Interesting article on Real Estate/financial crisis

Discussion in 'Politics, Religion, Social Issues' started by mcrain, Mar 8, 2010.

  1. mcrain macrumors 68000

    mcrain

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    #1
    I thought we might get some interesting discussion from this article.

    http://www.nytimes.com/2010/03/08/opinion/08krugman.html

    There is a discussion about how Ireland did not have many of the factors that existed in the US, but did have four factors that were similar. It's an interesting discussion.

    I found the following discussion about deregulation interesting:

    There's more, and like I said, it's interesting regardless of your POV.
     
  2. Ugg macrumors 68000

    Ugg

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    #2
    Krugman is a very astute man. His columns are succinct and to the point. The fact that he won the Nobel Prize for Economics doesn't hurt either.

    He is right on as far as I'm concerned. There came a point, sometime after the Savings and Loan Debacle when American regulators somehow convinced the American people that the Emperor was indeed wearing clothes and that if only they would suspend belief in common sense, they too could wear such golden raiment.

    I remember thinking at one point that Greenspan truly was godlike but there came a point when he said something to the effect that the young turks on Wall Street were so smart that even he didn't understand what they were doing. At that point, my belief in him began to waver. Whenever policy is dictated by social misfits, then we should know the party is over.
     
  3. rdowns macrumors Penryn

    rdowns

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    All I have to say is we are 14 months into Obama's administration and none of the root causes of our financial collapse have been addressed.
     
  4. Eraserhead macrumors G4

    Eraserhead

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    Given its going to requires lots of international cooperation its not a total surprise. To be effective it'll need the US, EU, China (Hong Kong) and Singapore to agree at the very least.
     
  5. leekohler macrumors G5

    leekohler

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    #5
    As long as congress continues to do nothing, things will stay the same. Sorry- I can't blame Obama for this. The best things we could do for our country right now:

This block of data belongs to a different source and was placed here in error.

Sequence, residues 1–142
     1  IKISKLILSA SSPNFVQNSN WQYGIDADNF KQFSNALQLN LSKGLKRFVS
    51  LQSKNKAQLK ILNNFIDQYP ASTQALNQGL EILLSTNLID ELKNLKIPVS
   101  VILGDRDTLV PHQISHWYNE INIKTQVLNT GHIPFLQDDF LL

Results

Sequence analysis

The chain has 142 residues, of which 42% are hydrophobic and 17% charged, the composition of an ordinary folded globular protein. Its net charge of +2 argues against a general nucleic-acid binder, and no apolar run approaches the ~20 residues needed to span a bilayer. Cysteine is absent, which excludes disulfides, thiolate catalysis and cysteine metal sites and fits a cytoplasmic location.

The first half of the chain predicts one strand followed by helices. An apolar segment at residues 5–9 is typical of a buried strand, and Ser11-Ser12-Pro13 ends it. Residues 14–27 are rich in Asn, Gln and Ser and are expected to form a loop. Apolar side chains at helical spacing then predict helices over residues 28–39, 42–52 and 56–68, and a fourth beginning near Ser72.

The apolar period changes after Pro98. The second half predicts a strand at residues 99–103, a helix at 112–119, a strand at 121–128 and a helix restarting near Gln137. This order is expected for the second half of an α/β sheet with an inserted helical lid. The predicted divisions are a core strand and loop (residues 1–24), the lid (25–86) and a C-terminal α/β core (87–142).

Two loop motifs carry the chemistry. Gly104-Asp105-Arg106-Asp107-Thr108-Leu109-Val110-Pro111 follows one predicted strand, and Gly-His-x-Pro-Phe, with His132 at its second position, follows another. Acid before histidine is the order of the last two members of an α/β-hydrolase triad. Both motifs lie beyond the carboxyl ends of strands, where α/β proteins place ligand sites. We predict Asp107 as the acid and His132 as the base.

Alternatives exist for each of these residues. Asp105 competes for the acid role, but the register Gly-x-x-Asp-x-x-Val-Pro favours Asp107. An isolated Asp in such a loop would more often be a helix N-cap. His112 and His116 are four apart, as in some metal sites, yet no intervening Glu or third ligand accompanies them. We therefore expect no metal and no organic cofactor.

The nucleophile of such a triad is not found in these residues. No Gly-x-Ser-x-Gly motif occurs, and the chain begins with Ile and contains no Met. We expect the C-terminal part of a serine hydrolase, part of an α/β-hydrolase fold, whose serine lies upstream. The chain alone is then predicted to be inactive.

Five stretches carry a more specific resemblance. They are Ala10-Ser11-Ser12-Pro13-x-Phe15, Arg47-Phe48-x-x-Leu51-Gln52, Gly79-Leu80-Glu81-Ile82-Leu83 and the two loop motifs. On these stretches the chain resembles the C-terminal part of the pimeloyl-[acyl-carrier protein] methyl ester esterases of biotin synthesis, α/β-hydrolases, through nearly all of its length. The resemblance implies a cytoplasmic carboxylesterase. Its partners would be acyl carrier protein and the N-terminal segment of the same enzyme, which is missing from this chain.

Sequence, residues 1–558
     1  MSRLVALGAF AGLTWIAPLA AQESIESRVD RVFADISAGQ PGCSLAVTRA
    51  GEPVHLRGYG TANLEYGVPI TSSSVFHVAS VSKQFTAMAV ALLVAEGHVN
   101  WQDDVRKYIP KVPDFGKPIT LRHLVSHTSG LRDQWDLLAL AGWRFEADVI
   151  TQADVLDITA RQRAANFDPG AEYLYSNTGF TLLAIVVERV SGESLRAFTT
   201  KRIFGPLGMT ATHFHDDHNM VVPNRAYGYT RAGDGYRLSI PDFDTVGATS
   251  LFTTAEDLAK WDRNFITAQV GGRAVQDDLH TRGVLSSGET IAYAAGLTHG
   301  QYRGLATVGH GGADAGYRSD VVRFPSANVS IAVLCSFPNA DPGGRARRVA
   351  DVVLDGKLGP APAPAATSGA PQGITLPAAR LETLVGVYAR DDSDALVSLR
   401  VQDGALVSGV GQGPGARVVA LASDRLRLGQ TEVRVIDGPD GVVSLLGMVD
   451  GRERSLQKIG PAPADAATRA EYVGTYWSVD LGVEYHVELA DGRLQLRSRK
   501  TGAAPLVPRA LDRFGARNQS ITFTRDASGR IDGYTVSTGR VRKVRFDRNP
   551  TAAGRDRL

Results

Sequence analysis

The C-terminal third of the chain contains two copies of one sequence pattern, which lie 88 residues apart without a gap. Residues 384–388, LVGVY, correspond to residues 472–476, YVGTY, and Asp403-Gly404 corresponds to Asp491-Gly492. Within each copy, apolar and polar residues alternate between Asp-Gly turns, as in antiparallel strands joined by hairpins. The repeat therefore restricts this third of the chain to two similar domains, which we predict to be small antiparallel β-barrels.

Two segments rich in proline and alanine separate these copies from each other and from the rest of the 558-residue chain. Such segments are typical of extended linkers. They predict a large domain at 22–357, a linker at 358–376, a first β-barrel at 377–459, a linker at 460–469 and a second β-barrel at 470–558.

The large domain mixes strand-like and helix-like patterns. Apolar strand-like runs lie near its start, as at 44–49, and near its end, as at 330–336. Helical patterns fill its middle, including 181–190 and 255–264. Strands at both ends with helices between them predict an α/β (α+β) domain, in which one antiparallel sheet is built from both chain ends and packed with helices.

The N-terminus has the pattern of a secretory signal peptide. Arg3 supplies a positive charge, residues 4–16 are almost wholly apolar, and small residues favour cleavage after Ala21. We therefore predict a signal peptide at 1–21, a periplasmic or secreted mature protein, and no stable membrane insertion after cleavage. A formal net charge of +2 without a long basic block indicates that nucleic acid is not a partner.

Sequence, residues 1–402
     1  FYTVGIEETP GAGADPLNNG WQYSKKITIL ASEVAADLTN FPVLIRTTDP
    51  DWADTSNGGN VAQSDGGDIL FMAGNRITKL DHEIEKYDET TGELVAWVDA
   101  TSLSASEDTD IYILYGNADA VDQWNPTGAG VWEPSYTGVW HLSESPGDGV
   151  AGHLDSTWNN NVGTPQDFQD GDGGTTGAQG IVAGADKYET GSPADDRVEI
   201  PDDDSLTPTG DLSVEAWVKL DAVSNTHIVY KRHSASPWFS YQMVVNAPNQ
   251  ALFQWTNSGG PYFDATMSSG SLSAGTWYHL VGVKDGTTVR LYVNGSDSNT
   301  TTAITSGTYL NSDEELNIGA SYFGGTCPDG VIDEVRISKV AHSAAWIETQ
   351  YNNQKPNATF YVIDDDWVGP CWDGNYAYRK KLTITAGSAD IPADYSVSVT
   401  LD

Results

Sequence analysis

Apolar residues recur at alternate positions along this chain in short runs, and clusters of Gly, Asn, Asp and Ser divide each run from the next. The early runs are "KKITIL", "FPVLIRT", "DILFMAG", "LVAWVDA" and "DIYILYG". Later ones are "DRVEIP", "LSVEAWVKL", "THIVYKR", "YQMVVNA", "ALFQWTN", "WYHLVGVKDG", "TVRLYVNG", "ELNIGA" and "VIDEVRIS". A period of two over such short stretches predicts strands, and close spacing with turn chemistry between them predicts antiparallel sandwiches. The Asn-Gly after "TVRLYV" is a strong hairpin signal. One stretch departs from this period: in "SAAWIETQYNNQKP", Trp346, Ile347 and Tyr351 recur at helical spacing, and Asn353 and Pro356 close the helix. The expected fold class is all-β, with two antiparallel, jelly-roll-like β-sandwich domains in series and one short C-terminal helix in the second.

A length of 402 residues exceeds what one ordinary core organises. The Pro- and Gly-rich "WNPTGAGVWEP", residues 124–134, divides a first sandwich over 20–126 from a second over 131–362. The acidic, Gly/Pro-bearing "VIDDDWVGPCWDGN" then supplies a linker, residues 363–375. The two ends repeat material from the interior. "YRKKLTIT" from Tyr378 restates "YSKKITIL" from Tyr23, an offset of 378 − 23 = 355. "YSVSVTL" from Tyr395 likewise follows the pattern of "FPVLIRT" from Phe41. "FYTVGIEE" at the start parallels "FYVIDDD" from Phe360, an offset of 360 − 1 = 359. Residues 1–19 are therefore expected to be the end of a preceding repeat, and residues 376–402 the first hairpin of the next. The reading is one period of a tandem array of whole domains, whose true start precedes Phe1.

1. Nationalize health care and get that burden off the backs of our businesses. There's a reason we have a difficult time competing with other countries. A big one is all the benefits that companies have had to shoulder. Our businesses will be more free to offer better products at lower prices.

    2. Get out of Iraq and phase out Afghanistan. Let people fight their own wars and run their own countries. We have done too much damage to both of these places.

    3. No more bailouts. If we have to have a hard fall, then so be it. We cannot prop up failing businesses any longer. I have to agree with our more conservative members here. We can no longer afford this kind of thing.
     
  6. kavika411 macrumors 6502a

    kavika411

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    #6
    1. I increasingly agree, but am not quite there yet.

    2. Agree completely.

    3. Agree completely.
     
  7. Desertrat macrumors newbie

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    #7
    Re the S&L debacle during Reagan's tenure: S&Ls had restrictions upon them--"regulation"--controlling the maximum amount of interest which they could pay to those who had savings accounts and CDs. 4%? Some such. When Volcker raised the Fed rate in 1970 to some 15% or more and held it there into around 1983, the S&Ls were screwed. With CDs paying 12% elsewhere, the source of funds for lending to homebuyers went dry up in a heartbeat. So, some reduction in regulations to keep S&Ls from going broke.

    But we had a helluva recession, remember? All because of the high Fed rate. Business activity came to a screeching halt, and folks lost jobs. Couldn't make house payments. We also had the reverse oil shock, with crude dropping below $15/bbl. The oil patch went broke, which led to bumper stickers around Odessa: "Oh, Lord, give me one more boom. I promise I won't piss it away, next time."

    Consider a fed rule for what folks keep calling "insufficiently regulated" banks: If the collateral value of a mortgaged property falls below the remaining balance on the mortgage, it is "non-performing"--even if the mortgage payments continue to be made on time. The only way a mortgagee can avoid the loan being called is to pay down in cash so the collateral value and the appraisal are the same. If too high a percentage of a bank's loan portfolio is "non-performing", the FDIC takes over--the bank being defined as a failure, even if the actual cash flow into it is normal.

    In normal times, banks pay an insurance premium to FDIC which generally takes care of the commonly small number of bank failures. When the fed rules kick in during a major recession which is full of foreclosures, the FDIC goes broke and you taxpayers then have to do the bailout thing.